Simple is good
If you have an internet connection, you could be fooled into believing that being healthy and fit is an extremely complicated process.
In fact, the opposite is true.
Being healthy and fit is exceedingly simple. Yet, most people go out of their way to overcomplicate the process.
Health and fitness is about doing a few simple things consistently, over the long term.
We all know the basics…
- Eat healthy
- Exercise regularly
- Drink lots of water
- Get a good night of sleep
- Have fun with people you like being around
These are often seen as “common sense”, yet few people do them to the level necessary to accomplish their goals.
The general consensus is that the basics are “boring”, “overrated”, or “unnecessary”.
People think, “it can’t be that simple. There must be more to it than this.” So, they are continually jumping from one strategy or tactic to another, with none of them providing the desired results.
The points I mentioned above are the essentials and skipping them is the reason so many people struggle. While there are definitely some nuances to each point, at the basic level, they are understood by most people…yet not followed consistently.
Perfection is a myth
Ahhh, perfection. It’s time we get this myth out of our mind (and way).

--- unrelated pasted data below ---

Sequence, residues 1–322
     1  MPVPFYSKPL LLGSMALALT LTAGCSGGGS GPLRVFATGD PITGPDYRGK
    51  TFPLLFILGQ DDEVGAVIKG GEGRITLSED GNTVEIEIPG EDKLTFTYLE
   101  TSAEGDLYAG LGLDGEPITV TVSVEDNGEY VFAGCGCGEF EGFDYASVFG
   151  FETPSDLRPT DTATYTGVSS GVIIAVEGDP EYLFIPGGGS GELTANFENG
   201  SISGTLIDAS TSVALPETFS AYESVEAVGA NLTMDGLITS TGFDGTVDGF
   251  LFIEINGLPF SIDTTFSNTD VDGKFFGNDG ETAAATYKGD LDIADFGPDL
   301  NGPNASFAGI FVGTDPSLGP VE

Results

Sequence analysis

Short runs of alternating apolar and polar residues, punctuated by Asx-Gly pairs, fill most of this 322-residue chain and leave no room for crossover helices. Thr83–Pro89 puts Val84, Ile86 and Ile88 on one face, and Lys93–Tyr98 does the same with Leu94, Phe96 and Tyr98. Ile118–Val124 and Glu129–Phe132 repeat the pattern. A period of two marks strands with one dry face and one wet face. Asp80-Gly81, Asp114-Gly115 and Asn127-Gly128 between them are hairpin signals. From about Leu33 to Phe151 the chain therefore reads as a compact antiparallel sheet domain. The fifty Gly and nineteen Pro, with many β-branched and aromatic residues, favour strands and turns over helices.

We all have ebbs and flows in our efficiency and effectiveness. This is a normal part of life.
However, so many people are striving for perfection when they have yet to master the basics (see point above).
Imagine if you were getting into fitness and you help yourself to the standard of an Olympian. How realistic, successful, and motivating would this be when you continually failed to meet that standard? Not very!
The other side of this myth is that repeated failures create a self-defeating mindset that begins to sabotage any forward progress.
Have you ever had a bad day on your nutrition plan, where things seemed to go “off the rails”? (It happens to us all). I’ve seen many clients turn this one rough day (or poorly chosen meal) into a week long slide of poor choices, self flagellation, and pity parties.
This is equivalent to getting a flat tire on your car, becoming upset, and slashing the other three tires just to spite yourself. It sounds funny, but I see people do this every day in fitness and nutrition.
A good reminder is that “Every Day is a New Day”.
It’s normal to have an “off-day”. The key is to get back on track the next day, and strive to string a few good ones together as a bonus.
As one of my mentors likes to say…”Fail forward”. You can do this by taking imperfect action. Do something, if it fails, learn from it and move on.
This beats “procrasti-planning” every time! (Procrasti-planning is the “analysis by paralysis” approach where you plan everything to the minutiae, but fail to actually implement or take action).
This is a key factor holding many people back from getting the results they want.